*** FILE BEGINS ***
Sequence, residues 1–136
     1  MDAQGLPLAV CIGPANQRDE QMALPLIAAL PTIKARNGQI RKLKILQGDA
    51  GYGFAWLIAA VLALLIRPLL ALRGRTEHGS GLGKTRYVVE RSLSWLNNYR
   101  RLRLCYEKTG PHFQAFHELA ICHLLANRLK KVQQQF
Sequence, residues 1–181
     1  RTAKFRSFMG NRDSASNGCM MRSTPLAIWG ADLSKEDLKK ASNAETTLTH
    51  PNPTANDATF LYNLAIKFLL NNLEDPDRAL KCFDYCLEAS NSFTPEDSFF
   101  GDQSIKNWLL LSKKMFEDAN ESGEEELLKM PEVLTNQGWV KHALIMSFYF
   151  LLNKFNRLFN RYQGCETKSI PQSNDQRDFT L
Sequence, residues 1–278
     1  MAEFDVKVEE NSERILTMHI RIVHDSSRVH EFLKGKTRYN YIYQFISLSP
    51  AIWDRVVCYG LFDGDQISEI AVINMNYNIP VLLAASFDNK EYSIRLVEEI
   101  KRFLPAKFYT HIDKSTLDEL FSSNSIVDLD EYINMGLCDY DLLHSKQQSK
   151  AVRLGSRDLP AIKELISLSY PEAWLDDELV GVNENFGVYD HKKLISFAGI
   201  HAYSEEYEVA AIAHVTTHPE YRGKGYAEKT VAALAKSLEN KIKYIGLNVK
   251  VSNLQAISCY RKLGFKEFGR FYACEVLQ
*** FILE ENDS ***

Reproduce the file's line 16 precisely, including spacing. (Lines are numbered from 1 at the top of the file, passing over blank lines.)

   251  VSNLQAISCY RKLGFKEFGR FYACEVLQ